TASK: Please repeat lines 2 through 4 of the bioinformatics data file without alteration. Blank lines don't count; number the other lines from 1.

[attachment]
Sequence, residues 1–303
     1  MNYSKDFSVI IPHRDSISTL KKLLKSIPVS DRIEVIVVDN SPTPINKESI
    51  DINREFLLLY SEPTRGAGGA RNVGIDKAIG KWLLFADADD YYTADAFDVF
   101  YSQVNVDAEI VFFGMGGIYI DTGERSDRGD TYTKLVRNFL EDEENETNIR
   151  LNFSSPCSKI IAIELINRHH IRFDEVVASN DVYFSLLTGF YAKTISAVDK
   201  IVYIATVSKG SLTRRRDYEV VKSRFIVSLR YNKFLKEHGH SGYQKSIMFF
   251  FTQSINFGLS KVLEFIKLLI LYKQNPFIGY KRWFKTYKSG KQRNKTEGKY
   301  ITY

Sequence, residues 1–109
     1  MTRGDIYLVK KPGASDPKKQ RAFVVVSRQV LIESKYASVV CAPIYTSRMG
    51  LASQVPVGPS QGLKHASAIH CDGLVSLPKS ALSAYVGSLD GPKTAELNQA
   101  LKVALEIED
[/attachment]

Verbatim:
     1  MNYSKDFSVI IPHRDSISTL KKLLKSIPVS DRIEVIVVDN SPTPINKESI
    51  DINREFLLLY SEPTRGAGGA RNVGIDKAIG KWLLFADADD YYTADAFDVF
   101  YSQVNVDAEI VFFGMGGIYI DTGERSDRGD TYTKLVRNFL EDEENETNIR